BHOPAL: Aviation safety regulator DGCA has suspended the flying licence of a senior pilot of Madhya Pradesh government for a period of one year for the crash landing of an aircraft at Gwalior airport in May this year.
The plane was bringing supplies of Remdesivir, an antiviral drug, from Gujarat to Gwalior via Indore in the state-owned plane B-200GT VT MPQ when it crash landed around 9 pm on May 6 at the Gwalior airport, which has an Air Force base.
The Directorate General of Civil Aviation (DGCA), which carried out a probe into the incident, has suspended the flying licence of the plane's pilot, Captain Sayyed Majid Akhtar (56), for a year, as per a letter issued last week.
The incident had resulted in major damage to the cockpit front, propeller blades, propeller hub and wheels of the newly-bought plane.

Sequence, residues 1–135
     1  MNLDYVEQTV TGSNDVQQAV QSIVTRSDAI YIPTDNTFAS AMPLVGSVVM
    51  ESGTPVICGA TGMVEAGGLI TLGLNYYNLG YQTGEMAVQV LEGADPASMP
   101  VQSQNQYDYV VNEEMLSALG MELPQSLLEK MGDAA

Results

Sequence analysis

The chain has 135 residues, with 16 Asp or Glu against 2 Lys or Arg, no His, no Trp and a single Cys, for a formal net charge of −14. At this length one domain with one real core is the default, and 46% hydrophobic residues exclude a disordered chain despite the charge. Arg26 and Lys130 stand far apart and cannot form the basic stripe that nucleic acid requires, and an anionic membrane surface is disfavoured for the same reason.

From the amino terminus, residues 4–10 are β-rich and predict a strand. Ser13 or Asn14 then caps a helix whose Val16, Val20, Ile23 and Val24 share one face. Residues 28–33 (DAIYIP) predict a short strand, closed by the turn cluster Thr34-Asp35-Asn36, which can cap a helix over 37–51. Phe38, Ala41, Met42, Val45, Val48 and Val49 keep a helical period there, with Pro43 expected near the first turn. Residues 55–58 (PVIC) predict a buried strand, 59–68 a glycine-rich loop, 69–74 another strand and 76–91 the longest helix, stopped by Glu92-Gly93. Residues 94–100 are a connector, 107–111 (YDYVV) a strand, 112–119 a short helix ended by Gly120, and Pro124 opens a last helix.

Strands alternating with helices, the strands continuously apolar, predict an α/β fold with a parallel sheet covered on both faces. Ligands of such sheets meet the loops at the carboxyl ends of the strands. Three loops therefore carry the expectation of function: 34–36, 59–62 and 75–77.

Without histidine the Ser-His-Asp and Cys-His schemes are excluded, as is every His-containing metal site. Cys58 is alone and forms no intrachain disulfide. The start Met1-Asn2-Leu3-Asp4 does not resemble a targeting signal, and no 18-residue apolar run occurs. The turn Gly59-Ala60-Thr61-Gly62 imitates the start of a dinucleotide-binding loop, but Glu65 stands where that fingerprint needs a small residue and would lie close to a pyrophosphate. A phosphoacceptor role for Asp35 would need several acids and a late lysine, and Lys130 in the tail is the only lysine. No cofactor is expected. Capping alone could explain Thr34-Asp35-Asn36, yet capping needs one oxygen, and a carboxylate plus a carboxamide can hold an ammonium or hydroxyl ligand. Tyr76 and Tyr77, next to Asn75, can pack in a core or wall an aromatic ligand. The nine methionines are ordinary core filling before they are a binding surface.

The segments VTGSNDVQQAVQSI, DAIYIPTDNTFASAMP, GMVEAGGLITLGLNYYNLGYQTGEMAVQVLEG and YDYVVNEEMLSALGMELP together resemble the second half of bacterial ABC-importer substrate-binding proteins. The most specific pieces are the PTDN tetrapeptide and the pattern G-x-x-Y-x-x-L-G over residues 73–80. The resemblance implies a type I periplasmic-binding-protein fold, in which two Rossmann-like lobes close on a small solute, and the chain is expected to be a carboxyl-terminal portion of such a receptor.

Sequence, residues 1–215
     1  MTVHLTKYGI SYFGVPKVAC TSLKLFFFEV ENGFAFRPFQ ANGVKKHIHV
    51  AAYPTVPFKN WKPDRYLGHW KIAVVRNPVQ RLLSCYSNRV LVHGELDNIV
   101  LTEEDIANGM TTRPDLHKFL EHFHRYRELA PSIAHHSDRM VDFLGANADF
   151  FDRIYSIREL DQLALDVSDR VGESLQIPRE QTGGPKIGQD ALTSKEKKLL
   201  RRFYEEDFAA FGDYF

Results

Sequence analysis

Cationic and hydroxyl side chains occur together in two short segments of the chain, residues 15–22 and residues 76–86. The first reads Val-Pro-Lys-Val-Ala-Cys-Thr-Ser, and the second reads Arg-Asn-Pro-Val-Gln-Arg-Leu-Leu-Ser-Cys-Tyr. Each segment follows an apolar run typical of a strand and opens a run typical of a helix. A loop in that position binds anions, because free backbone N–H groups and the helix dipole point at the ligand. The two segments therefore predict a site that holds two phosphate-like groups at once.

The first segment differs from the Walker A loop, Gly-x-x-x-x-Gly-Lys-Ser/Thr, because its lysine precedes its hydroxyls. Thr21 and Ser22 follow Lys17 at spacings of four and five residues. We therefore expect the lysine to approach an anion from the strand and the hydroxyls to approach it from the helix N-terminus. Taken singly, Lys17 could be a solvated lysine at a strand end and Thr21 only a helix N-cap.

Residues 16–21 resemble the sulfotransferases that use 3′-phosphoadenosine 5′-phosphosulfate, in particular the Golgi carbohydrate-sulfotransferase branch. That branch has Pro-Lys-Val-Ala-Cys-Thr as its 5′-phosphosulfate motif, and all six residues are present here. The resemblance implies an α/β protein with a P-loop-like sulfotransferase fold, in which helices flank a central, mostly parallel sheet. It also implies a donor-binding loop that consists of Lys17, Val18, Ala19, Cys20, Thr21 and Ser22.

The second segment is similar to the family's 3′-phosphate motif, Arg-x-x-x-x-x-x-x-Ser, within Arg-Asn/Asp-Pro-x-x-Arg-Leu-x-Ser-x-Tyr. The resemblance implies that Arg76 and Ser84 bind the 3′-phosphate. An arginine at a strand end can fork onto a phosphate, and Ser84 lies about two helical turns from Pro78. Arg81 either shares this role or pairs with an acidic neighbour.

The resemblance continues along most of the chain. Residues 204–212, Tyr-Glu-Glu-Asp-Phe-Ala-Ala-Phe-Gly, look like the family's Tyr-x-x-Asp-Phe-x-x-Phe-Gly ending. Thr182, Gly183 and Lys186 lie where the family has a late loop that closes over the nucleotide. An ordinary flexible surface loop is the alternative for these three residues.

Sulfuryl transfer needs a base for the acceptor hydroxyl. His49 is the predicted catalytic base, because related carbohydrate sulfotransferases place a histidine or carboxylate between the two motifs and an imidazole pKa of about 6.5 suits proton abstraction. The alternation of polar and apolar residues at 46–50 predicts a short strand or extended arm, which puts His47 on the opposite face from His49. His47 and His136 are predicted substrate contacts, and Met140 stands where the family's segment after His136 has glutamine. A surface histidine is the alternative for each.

The aircraft had skidded and overturned on one side.
Akhtar, his co-pilot Shiv Jaiswal and another officer were injured in the incident.
As per the suspension letter, a copy of which is in possession of PTI, Akhtar "flew the aircraft very low and failed to sight the arrester barrier" before the runway.
Besides, "the approach profile of the aircraft was not appropriate for landing in the touchdown zone and resulted in hitting the arrester barrier".
The DGCA had issued a show-cause notice to Akhtar on 1 July, but the explanation given by him was found to be "not satisfactory", the letter said.
The accident had occurred due to a manual error and the DGCA noted that his actions not only jeopardized the safety of the aircraft, but were also in violation of the Aircraft Rules.
The Madhya Pradesh government had bought the aircraft, a seven-seater Beechcraft King Air B-200GT VT MPQ, from American company 'Textron Aviation' for more than Rs 65 crore last year only, sources in the state aviation department said.
Following the crash, the plane was reduced to scrap.
It has been kept at the Gwalior airbase for over three months now, allegedly due to lack of maintenance and repair, as it was not insured at the time of the incident, they added.